Its been 12 weeks since we took delivery of the timber and began lofting (marking out) the frames and stem pieces. Although we took great care, and Deb double checked measurements, its not until assembly you can be certain no mistakes have been made. So I was a little nervous when we started assembling the starboard hull this week.
We started by fixing the frame bearers onto the strong-back beams. Each one positioned lengthways according to the table of offsets, and set at 90 degrees to the centre string line, using a set square. Then we used the laser level, to mark the horizontal levels on each bearer, to allow for strong back variations. We then offered each frame to its bearer, centre-lines aligned to the string line, and used packing shims to set them horizontally. (The packing shims are actually business card size laminate colour samples. Perfect for the job as they are only .5mm thick. A trick I learnt from Rusell when he has to install kitchens on uneven floors.) Finally we used the laser again to check verticals, and screwed them down.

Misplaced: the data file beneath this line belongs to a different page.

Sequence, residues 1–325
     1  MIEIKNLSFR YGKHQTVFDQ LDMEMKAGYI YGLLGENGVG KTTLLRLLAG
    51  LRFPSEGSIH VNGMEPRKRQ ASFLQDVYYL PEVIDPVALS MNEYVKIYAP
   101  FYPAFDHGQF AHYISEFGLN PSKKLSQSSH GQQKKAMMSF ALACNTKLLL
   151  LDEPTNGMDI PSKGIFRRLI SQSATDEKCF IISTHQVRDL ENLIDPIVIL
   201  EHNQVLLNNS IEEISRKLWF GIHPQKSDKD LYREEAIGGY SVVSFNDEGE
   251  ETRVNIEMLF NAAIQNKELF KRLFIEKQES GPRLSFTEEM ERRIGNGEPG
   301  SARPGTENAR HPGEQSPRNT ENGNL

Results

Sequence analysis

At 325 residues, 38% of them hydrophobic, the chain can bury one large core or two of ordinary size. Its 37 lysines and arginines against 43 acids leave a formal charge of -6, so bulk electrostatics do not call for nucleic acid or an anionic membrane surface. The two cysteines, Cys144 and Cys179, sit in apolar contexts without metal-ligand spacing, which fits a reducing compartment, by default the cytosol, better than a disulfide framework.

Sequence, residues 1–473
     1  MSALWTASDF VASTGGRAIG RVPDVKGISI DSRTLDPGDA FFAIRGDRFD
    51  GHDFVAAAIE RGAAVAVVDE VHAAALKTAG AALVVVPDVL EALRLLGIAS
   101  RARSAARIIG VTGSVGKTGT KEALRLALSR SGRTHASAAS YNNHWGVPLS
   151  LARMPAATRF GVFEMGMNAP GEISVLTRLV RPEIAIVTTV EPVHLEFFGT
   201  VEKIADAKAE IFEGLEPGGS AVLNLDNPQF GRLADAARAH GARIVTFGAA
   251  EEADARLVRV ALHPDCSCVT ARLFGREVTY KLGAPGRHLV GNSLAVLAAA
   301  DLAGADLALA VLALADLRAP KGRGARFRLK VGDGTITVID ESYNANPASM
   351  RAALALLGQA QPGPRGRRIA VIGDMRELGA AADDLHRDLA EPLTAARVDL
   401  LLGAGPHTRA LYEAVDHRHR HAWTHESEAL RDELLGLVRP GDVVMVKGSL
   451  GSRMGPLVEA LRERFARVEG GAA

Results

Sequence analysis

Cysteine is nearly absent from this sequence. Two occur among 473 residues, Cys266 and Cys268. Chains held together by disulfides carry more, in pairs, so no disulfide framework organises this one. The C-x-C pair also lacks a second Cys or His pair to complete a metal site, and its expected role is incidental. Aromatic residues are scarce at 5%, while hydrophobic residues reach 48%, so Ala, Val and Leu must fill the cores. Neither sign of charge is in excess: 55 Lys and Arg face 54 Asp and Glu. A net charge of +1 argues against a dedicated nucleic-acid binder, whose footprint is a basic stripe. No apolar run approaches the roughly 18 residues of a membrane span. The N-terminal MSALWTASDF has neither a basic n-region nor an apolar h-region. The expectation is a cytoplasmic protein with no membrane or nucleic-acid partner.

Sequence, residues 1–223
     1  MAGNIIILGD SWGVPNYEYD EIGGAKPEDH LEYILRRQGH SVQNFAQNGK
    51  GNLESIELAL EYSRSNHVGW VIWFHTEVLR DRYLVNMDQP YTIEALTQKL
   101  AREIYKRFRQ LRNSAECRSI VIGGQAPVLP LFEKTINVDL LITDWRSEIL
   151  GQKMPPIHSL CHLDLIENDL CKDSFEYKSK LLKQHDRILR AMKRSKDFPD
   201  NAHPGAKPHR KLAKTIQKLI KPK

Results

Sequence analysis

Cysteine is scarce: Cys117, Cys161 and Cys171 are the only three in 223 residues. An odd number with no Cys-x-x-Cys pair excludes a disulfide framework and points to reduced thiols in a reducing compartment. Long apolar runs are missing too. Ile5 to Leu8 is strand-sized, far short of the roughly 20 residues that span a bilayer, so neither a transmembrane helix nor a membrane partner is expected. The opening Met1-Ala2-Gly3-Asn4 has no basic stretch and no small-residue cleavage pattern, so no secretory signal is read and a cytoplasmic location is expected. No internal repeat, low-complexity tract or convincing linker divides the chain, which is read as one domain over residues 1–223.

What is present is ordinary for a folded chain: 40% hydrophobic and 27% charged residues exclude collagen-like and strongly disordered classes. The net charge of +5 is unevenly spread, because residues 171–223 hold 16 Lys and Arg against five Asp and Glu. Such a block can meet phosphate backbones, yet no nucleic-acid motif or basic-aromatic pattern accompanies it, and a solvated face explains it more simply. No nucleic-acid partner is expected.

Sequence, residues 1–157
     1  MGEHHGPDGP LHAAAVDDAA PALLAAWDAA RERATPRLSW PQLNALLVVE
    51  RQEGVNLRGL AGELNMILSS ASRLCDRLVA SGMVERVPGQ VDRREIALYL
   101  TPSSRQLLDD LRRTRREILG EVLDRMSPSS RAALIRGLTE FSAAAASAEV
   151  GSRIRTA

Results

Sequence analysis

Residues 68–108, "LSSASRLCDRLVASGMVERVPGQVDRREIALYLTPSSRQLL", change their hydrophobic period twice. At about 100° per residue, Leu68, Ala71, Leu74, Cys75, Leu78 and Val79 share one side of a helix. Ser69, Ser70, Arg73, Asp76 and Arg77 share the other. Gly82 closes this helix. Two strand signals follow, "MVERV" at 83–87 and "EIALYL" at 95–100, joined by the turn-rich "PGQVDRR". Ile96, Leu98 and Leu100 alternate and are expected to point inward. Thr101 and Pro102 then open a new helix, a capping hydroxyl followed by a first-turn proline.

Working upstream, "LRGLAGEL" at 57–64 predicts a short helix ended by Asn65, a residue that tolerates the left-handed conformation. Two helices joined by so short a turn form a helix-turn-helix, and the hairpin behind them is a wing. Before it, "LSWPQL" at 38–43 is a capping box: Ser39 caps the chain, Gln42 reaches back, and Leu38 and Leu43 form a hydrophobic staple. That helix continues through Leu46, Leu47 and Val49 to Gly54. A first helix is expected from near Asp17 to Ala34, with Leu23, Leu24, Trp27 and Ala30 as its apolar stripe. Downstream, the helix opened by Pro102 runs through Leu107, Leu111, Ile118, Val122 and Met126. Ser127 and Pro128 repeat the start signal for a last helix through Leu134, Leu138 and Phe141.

The laser has been an absolute god-send that was gifted to us by friends when we left Alice. I would recommend it to anyone considering doing a similar project. If building on a nice flat surface, a standard level would probably be OK. But if like us, on an uneven surface, then I would consider it essential equipment.
It has been exciting to see the various bits beginning to look like a boat, and we can start to visualise the spaces; sleeping cabins, main saloon, cockpit and heads (bathrooms). Before we went home today, I used the late afternoon light to fire up the laser to check the accuracy of our efforts and was pleasantly surprised and relieved that all aligned to within a millimetre or so tolerance. Very happy about that!